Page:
Tips and Advice for Emotionally Preparing for a Baby

Infant doing tummy time

Sure, you're not the first person to have a baby, but becoming a parent is a major life milestone for all. Having a baby is probably one of the most life-changing events you will ever experience. During pregnancy, your priorities, values, and expectations can shift, sometimes dramatically. This shift may take others by surprise, including your family, partner, employer, and friends. Understand that this is a normal part of making the transition to parenting, and will likely come with a wide range of emotions, from excitement and joy to ambivalence and fear. Are you wondering how to prepare for having a baby? It's hard to know exactly how you'll feel once your baby arrives, so we've compiled some helpful tips to help you prepare for this new adventure.

Preparing for a Baby Tips

  • Make a plan. Having a baby (especially your first) can feel like a huge leap into the unknown. It's hard to predict all the ways your life will change, but one thing's for certain—your life will change. The sense of uncertainty from having a baby can cause feelings of anxiety and stress. To ease some of that new baby stress, having a parenting checklist in place well before the baby comes will help make the most of your baby's first year. Develop a budget, pay off debt, and set aside 3 to 6 months of expenses, if possible, so you have a financial cushion. Talk with your employer about if and when you will return to work. It's important to prepare for a change in managing your work-life balance. What will your daily responsibilities look like? Is your employer open to a flexible schedule? Talk with your partner about household tasks and develop a schedule for completing those tasks, such as grocery shopping, laundry, or housecleaning. Having a plan can ease many of your worries, giving you a sense of control and competence. Of course, flexibility is important too. During the first few weeks after your baby arrives, schedules will probably go out the window as you adjust to your new baby. Having those schedules in place, though, will help you return to a comfortable routine more quickly.

  • Cut yourself some slack. Most first-timers worry about their ability to parent effectively, but here's a little secret: you are going to make some parenting mistakes. You are not going to be a perfect parent, because the perfect parent does not exist. Fortunately, children don't need perfect parents. They need committed, loving parents who are trying to do their best—parents who acknowledge when they've messed up and keep on trying. Parenting is a learning curve—sometimes a steep one—and it's okay if you don't have it all figured out. Babies are remarkably resilient and your baby will be just fine.

  • Take care of yourself while pregnant. You'll probably receive plenty of unsolicited pregnancy advice throughout your pregnancy in regards to things that worked for your friends or coworkers, but don't forget the importance of taking care of yourself amidst all of that advice. During pregnancy, your body is working overtime; physical fatigue can worsen the symptoms of emotional overload. Spend at least a few minutes every day to nurture yourself. Take a quick nap, go for a walk, try yoga or meditation, stock up on healthy snacks, or get a prenatal massage. Go to bed early and try to maintain a consistent schedule. You will need both physical and emotional reserves to cope with the challenges of labor and the first few weeks of parenting. Look at pregnancy as a time of preparation for parenting.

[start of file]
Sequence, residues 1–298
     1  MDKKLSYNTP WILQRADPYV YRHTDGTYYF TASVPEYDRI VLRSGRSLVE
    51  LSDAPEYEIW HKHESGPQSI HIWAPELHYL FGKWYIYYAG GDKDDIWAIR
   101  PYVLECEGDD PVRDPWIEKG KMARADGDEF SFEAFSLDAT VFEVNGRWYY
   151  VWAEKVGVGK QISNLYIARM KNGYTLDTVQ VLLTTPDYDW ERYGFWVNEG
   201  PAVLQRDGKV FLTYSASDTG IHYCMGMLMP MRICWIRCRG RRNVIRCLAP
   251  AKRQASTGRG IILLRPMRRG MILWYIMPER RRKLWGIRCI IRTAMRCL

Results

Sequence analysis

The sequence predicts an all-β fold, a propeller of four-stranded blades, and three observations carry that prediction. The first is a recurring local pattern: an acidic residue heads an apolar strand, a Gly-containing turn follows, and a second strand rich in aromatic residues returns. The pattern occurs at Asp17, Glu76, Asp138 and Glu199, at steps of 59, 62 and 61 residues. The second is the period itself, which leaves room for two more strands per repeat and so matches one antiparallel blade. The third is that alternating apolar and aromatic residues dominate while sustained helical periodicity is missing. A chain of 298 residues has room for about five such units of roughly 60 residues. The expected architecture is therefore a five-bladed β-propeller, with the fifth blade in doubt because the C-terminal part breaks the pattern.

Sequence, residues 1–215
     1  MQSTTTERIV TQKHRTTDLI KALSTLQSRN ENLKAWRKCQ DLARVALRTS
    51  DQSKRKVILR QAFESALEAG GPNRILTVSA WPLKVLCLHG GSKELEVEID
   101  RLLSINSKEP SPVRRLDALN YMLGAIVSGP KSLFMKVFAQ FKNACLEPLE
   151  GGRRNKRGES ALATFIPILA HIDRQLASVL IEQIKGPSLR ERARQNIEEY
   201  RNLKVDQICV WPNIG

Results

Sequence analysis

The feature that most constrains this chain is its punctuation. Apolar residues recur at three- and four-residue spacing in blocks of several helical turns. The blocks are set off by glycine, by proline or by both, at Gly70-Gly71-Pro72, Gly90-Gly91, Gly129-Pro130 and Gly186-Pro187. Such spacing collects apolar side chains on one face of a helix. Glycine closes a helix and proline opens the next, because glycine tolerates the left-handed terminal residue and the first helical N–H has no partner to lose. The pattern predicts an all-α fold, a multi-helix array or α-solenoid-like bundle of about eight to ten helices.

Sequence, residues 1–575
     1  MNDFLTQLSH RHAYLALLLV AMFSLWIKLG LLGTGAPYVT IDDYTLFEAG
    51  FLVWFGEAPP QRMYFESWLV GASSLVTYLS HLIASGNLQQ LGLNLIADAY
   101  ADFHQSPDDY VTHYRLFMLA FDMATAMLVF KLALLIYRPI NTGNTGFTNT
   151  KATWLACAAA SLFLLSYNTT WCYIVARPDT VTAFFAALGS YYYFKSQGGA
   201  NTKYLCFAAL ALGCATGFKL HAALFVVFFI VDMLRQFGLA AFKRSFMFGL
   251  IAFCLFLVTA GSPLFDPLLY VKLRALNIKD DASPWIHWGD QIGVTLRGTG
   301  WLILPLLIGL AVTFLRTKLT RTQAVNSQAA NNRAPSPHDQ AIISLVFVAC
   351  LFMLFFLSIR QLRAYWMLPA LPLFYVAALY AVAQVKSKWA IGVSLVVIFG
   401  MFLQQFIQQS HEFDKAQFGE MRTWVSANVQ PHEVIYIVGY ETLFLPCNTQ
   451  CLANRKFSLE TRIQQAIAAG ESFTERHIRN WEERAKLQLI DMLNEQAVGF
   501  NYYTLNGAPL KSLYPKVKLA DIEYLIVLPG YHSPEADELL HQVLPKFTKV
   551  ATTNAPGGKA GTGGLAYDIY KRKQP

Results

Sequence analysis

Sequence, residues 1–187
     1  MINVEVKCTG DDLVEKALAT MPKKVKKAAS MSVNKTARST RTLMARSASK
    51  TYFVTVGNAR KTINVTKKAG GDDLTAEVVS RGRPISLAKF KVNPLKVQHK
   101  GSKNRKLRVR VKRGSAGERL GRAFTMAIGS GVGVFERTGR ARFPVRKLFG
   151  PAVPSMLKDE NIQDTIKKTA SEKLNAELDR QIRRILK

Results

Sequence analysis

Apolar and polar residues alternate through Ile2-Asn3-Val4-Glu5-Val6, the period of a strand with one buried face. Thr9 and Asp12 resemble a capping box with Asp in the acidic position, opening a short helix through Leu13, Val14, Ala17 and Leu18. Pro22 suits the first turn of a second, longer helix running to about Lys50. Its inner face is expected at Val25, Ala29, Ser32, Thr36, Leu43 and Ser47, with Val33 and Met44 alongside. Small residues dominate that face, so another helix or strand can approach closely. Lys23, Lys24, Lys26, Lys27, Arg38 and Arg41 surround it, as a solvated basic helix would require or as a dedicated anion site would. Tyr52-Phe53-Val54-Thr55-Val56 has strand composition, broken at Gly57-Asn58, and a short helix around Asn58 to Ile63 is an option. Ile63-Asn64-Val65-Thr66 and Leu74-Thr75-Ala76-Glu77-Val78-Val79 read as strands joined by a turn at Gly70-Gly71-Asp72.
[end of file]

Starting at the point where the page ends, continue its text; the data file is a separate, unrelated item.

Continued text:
• Manage relationship stress. The changes of pregnancy and parenthood can cause relationship stress as you try to sort out your new life and roles. Be patient with yourself and your partner. Spend time together and talk honestly about your hopes and fears. Accept those inevitable differences in temperament and priorities, which often become more obvious as you prepare for parenting.

  • Use your support network. It's a natural inclination to focus inward as you prepare for childbirth, and you might feel too tired after a long day to socialize, but don't forego the company of friends entirely. Your family and friends can be a source of nurturing support, both now and after the baby arrives. Too tired at night to get together? How about a weekend brunch or a Saturday afternoon movie? Maintain relationships and be sure to ask for help as the big day draws near.

Pregnancy is a time of transition and change. Use this time to articulate and address any fears you have, build a strong support network, and establish a predictable, stable lifestyle for your family.

Bright Horizons Podcast: Let’s Talk Baby Blues 

On this episode of the Work-Life Equation:  We all start with the idealized image of parenting. Then comes the first night of crying (yours and the baby’s), and you wonder if you were cut out for this at all. On this episode, mother/daughter parenting pros Marti and Erin Erikson get real about new motherhood -- the elation, the blues, being good to yourself, and why we all should be OK with asking for help (even from work) when we need it.

Resources Related to Preparing for a Baby

Bright Horizons
About the Author
Bright Horizons
Bright Horizons
In 1986, our founders saw that child care was an enormous obstacle for working parents. On-site centers became one way we responded to help employees – and organizations -- work better. Today we offer child care, elder care, and help for education and careers -- tools used by more than 1,000 of the world’s top employers and that power many of the world's best brands
Infant doing tummy time